ineat, esteemed value of the brain, honor eroses generally shun man, a sad instance
to the brave, 123; Du Chaillu's love of to the contrary, 144; Mr. Oswell's expe-
science as well as sport, interesting ac- riences, 145; differences between the In-
count of his first gorilla-hunt, found in dian and the African rhinoceros, Bishop
thick jungle, shows no sign of fear, for- Heber's opinion, 146; an Indian rhinoceros
midable size and appearance, 124; roars, in England, meets with an accident, sup-
and is killed, inability of the gorilla to posed cause, fatal result, prefers shady re-
support himself on his hind legs, the busi- treats, indolent habits, age attained, Jav-
ness-like record of Du Chaillu's gorilla- anese rhinoceros, 147.
hunts, apparently not so terrible a busi- How THE RHINOCEROS IS HUNTED.- Why
ness after all, a very severe test, howev- the Bechuanas prefer a bow and poisoned
er, of man's courage, description of a fatal

arrows, their inefficacy, the kind of bullet
hunt, 126.

to be used; impervious nature of the
THE NSHIEGO-MBOUVE.-Differs from the head, small brain, 148; Andersson's thrill-

gorilla, 128; where and how it builds the ing experiences, 149 ; he takes an unex-
nest, a neat dwelling, nshiego not grega- pected ride on a wounded animal, Mr.
rious, ancient hermits, male and female Galton's story of a black rhinoceros, 152,
cat together, but occupy separate apart- Wm. C. Baldwin's successful hunts, 153;
ments, Du Chaillu's description of this the rhinoceros of Sumatra, 154.
ape, 130 ; he captures a baby, astonish-
ment at its white face, the mother killed,

THE TIGER.
the young one's grief, 131 ; tricks of young Similarity in structure of all the cat tribe,
Tommy Nshiego, takes to the bottle, and disposition of the tiger, 155 ; its handsome
becomes debauched, 133 ; his sickness and appearance and size, difficulty of discern-
death, 134.

ing the brute in its favorite resorts, the

faculty of reducing its apparent size, its
THE RHINOCEROS.

enormous strength, able to carry off a full-
Its position in the animal world as regards grown buffalo, instance of, 156 ; where

size and beauty, varieties of, 135; effects found, confined to Asia, usual number of
of a fatal shot, erroneous notions concern- progeny at a birth, size of a new-born
ing the hide, native mode of curing, sharp cub, average duration of life, affection of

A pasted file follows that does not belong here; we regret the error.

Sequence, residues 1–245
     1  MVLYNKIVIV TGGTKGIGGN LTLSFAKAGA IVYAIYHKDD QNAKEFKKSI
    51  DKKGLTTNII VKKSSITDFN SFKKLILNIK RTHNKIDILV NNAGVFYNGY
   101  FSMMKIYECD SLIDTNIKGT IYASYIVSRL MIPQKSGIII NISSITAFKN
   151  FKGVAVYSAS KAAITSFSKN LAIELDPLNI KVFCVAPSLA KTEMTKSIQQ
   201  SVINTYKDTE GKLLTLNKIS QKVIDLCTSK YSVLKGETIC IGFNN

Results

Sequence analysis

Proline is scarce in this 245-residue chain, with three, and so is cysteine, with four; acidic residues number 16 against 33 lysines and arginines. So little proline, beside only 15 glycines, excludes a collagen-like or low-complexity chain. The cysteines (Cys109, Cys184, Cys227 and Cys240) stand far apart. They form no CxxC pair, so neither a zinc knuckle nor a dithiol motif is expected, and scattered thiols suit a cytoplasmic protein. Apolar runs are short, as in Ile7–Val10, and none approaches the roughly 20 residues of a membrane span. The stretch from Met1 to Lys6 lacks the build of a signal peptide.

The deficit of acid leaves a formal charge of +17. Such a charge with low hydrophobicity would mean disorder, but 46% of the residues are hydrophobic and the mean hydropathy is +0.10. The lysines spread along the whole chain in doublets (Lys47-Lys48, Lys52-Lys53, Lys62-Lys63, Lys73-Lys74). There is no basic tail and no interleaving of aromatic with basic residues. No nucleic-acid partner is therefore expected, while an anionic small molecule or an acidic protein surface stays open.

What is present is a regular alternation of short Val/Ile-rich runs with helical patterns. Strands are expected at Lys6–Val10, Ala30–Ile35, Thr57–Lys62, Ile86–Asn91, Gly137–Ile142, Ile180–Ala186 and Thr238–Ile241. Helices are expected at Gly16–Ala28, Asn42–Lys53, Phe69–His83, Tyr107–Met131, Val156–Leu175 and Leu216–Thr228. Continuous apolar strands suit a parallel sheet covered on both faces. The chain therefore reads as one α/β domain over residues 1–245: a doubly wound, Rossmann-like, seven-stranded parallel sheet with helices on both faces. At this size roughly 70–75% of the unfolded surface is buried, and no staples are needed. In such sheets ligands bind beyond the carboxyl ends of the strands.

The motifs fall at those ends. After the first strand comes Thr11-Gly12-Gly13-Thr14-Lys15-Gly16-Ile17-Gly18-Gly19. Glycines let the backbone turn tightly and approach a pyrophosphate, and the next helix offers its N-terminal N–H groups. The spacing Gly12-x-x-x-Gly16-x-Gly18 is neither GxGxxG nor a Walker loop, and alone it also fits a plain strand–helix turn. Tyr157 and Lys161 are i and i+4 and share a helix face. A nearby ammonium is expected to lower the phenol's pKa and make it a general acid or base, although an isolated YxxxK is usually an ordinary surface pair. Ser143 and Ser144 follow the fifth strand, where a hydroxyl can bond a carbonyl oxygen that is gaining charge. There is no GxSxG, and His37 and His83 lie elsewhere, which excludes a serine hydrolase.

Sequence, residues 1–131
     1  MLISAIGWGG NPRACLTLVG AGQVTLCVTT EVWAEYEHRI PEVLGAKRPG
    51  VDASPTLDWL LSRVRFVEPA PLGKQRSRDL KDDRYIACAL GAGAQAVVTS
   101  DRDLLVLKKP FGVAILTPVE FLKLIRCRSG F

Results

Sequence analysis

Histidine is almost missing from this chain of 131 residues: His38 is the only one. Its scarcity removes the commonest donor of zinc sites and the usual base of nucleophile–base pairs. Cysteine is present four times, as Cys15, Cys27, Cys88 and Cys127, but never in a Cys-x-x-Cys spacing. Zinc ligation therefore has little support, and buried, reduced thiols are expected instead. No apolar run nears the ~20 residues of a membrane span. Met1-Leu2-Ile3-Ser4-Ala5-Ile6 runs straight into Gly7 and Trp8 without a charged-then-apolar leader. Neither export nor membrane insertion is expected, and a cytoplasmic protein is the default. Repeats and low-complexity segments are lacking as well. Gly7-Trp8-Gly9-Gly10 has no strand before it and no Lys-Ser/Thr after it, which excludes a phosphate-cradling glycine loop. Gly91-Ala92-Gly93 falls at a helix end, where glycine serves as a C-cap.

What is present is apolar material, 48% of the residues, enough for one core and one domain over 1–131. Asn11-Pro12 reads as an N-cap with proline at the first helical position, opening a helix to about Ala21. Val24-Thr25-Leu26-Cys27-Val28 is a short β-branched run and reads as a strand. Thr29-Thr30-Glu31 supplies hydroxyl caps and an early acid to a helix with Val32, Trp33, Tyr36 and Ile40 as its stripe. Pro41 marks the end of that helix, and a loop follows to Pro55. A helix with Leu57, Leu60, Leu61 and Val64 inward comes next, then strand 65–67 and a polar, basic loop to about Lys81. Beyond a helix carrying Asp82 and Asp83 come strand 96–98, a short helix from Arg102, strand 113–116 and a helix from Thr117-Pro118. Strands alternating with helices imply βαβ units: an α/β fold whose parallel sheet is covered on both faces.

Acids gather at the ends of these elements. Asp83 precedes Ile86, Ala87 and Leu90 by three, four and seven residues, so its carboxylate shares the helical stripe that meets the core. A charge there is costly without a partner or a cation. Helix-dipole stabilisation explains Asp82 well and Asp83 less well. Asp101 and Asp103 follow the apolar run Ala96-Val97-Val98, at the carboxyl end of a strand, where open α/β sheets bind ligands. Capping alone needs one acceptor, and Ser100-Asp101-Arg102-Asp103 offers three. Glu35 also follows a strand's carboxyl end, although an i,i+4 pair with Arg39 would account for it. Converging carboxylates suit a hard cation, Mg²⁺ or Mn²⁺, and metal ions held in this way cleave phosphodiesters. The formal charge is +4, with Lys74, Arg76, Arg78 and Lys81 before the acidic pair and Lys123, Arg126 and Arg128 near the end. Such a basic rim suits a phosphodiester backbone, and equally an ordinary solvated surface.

knives, difference in habits and color of the tigress for her young denied by some
the various species, 136 : description of writers, inquisitiveness of young tigers,
one of the largest, the eyes and ears, what evidence in defense of maternal affection,
Andersson says about their sense of smell, hunting tactics of the tiger, 157; tigers
wonderfully rapid movements, the horns, and men contrasted in one particular, 158;
137; curious superstition regarding the an instance of extreme devotion to their
horn, scientific explanation, feats of young, a Hindoo proverb, 159; the au-
strength performed with it, rhinoceros dacity and devotion of a tigress saves her
horn compared with ivory, 138; rhinoc- own life, the buffalo not afraid of a tiger,
eros horn a detector of poison, its uses, “ united they stand,” oxen more timid,
size and appearance of rhinoceros at birth, often become prey to the tiger, how a vic-
139 ; reciprocity of affection, will fight for tim is treated, 160; what becomes of the
its

parents, marked by bites of wild dogs, scraps, 161 ; tigers are good swimmers, a
rhinoceros not great feeders, average quan- boat captured by one, scattering of the
tity of food for the black species, large sailors, favorite haunts, the fatal spring,
supply of water requisite, 140; how this shame at missing the mark, climbs on
is taken advantage of by the hunters, dif- roofs of huts, sometimes makes a false
ference of diet of the species, 141; the move, the result, 162.
heavier eater does not fatten, young rhi- How THE TIGER IS TRAPPED AND HUNT-
noceros not mean meat, the black species ED.-Various modes adopted by the herds-
fear nothing, instance of ferocity, lions and men to trap the tiger, the bamboo plat-
even elephants give them a wide berth, form, how it is constructed and used, 163;
142; fights between elephants and rhinoc- how tigers are sometimes poisoned, 164 ;
eroses, Andersson's account of a domestic terrible story of a thirst-maddened tiger

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and an alligator, 165 ; native tiger-traps,